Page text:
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AB5 And The Independent Contractor

J. Bradley Klepper
Attorney at Law

Ok folks… is the deal. The independent contractor business model is basically extinct in the state of California as of January 1, 2020.

On Wednesday September the 18th the Governor of California signed Assembly Bill 5 (“AB5”) into law. For those of you who do not read random state legislation to address your insomnia, AB5 was promoted as dealing with misclassification of employees in the 
“gig” economy. Think drivers employed by the likes of Uber and Lyft.

According to Governor Newsom, the new law “will help reduce worker misclassification – workers being wrongly classified as “independent contractors” rather than employees, which erodes basic worker protections like the minimum wage, paid sick days and health insurance benefits.”

We all know that the road to hell is paved with good intentions and while the bill may have been aimed helping folks in the gig economy it has a much broader impact. In fact, this bill will basically kill the independent contractor business model in the State of California.

How can that be you ask? Simple. In passing the bill the legislature adopted the test handed down by the California Supreme court last year in the Dynamex case. As a result, when the bill goes in effect on Jan. 1, 2020 companies will now be required to use the ABC test set forth in Dynamex to determine independent contractor status.

For those of you keeping score at home, for a person to be classified as an independent contractor the ABC test requires:

A. That the worker is free from the control and direction of the hiring entity in connection with the performance of the work and in fact;

B. That the workers perform work that is outside the usual course of the hiring entity’s business; and

C. That the worker is customarily engage in an independently established trade occupation, or business of the same nature as the work performed.

Now you don’t have to be a genius to understand that part “B” of the ABC test is basically an impossible standard for a carrier to meet. Carriers who use independent contractors to help haul freight are now going to be classified as employers. While this is bad news for carriers, it is music to the ears of unions.

It is no secret that for years, labor union have wanted to be able to organize drivers at the various state ports. However, federal law prohibits independent contractors from joining unions. When the new law goes into effect all those drivers will now be classified as employees – who are free to join a union. I wonder if anybody noticed.

Don’t get me wrong, I am an advocate for drivers and think they should be compensated fairly and treated well. I also understand that there are carriers out there who take advantage of the independent contractor model. However, it appears to me that by signing AB5 into law the folks in California are punishing all carriers for the deeds of a few. Throwing the baby out with the bath water if you will.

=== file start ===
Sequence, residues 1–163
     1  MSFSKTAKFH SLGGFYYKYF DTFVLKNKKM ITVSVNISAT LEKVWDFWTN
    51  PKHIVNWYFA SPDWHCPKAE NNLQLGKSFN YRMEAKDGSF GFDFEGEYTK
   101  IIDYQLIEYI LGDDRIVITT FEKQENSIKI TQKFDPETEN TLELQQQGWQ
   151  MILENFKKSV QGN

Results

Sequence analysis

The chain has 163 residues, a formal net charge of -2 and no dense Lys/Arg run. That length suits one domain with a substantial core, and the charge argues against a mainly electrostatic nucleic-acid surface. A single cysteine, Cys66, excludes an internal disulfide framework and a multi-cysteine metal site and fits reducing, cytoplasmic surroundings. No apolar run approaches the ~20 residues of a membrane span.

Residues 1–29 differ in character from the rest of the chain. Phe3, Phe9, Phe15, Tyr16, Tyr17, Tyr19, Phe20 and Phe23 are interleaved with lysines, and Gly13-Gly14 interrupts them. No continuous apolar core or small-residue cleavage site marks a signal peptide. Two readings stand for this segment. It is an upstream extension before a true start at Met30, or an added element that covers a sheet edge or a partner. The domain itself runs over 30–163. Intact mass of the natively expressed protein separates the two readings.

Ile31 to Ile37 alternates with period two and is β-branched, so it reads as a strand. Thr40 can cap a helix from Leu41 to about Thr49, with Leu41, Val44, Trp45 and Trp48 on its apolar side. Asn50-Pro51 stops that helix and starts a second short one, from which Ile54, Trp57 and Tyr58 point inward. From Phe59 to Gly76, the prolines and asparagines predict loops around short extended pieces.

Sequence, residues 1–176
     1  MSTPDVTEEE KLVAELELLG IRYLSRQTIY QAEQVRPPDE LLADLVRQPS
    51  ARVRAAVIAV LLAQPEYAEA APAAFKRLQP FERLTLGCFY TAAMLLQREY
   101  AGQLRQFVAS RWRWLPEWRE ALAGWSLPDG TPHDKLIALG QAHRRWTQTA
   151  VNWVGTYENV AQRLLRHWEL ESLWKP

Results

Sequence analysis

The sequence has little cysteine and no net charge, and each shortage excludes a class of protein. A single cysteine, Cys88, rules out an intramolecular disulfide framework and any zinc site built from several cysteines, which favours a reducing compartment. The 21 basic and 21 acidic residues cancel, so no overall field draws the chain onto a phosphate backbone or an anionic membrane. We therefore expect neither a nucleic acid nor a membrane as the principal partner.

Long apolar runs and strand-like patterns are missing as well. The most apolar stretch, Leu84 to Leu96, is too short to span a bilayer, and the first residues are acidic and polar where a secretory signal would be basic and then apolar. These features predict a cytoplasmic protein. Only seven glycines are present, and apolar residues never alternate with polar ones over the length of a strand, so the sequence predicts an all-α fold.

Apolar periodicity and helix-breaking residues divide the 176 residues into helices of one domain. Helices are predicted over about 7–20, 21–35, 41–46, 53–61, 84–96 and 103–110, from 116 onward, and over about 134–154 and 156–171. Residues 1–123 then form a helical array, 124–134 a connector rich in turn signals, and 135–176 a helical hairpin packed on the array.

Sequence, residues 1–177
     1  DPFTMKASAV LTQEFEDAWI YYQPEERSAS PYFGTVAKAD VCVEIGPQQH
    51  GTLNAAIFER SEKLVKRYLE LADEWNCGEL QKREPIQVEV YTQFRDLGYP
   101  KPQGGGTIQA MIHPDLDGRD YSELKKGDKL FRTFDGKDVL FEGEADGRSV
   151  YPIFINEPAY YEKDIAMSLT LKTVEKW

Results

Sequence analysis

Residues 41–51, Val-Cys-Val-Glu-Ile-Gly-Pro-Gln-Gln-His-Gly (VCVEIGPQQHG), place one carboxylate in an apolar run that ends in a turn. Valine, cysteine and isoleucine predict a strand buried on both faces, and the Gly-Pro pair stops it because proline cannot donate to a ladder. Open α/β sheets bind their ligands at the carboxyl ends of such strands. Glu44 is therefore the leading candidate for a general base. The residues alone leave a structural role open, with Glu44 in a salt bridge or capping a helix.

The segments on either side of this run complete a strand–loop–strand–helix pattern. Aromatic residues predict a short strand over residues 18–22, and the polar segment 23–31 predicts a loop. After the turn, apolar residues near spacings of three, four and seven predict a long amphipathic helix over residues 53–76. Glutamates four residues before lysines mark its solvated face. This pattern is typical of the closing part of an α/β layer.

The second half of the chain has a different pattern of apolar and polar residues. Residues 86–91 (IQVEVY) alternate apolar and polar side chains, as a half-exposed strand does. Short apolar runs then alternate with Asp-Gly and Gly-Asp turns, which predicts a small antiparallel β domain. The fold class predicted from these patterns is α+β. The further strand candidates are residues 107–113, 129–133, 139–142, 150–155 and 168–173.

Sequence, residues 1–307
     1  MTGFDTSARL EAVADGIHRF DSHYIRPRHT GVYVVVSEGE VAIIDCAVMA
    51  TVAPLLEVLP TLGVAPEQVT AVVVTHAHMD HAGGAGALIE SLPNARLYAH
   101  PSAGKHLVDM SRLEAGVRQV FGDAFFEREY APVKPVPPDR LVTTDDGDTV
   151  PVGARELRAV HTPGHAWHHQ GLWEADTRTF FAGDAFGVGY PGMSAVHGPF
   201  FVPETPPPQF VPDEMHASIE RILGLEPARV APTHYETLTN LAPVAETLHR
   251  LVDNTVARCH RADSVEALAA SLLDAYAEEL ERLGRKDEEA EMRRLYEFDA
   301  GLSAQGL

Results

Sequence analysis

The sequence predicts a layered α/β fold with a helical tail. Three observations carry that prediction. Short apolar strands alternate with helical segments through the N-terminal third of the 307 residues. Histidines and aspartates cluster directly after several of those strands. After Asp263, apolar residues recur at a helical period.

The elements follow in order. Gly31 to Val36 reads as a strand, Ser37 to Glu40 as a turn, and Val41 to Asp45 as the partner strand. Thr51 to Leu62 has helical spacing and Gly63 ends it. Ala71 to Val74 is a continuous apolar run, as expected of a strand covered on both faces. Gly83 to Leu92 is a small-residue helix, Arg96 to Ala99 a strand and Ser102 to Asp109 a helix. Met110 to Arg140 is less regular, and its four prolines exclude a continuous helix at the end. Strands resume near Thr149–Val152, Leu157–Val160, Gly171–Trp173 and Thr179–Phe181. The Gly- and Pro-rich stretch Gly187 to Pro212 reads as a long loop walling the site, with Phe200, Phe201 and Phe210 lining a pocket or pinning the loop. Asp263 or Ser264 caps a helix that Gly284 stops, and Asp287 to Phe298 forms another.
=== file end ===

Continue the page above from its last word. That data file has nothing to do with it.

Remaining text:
In addition, I think this bill will hurt small carriers based in California. In California there are about 136,950 small business with small fleets. Many of which use the independent contractor model. On Jan. 1, 2020 these companies will no longer have this option. As a result, I think many will close their doors. Surely, this could not have been the intent of the legislature.

Perhaps I am wrong and my concerns are misplaced. Perhaps the independent contractors out there want to give up control of how and when they work. Perhaps the small carriers will flourish. Perhaps business won’t leave California. I really don’t know. In fact, the only thing I do know for sure is that we are about to find out. 

Brad Klepper, Esq. is President of Interstate Trucker Ltd., a law firm entirely dedicated to legal defense of the nation's commercial drivers. Interstate Trucker represents truck drivers throughout the forty-eight (48) states on both moving and non-moving violations. Brad is also Executive Vice President & General Counsel of Drivers Legal Plan, which allows member drivers access to his firm’s services at greatly discounted rates. Brad spent almost a decade with the largest law firm in Oklahoma where his practice included extensive experience in transactional law, business defense litigation, and intellectual property. In addition, Brad is a licensed architect and serves as General Counsel to the Oklahoma Board of Architects, Landscape Architects and Interior Designers. Brad has dedicated much of his time to DataQs challenges, which are challenges posed to the FMCSA for CSA incidents, to examine data and reports filed by law enforcement.

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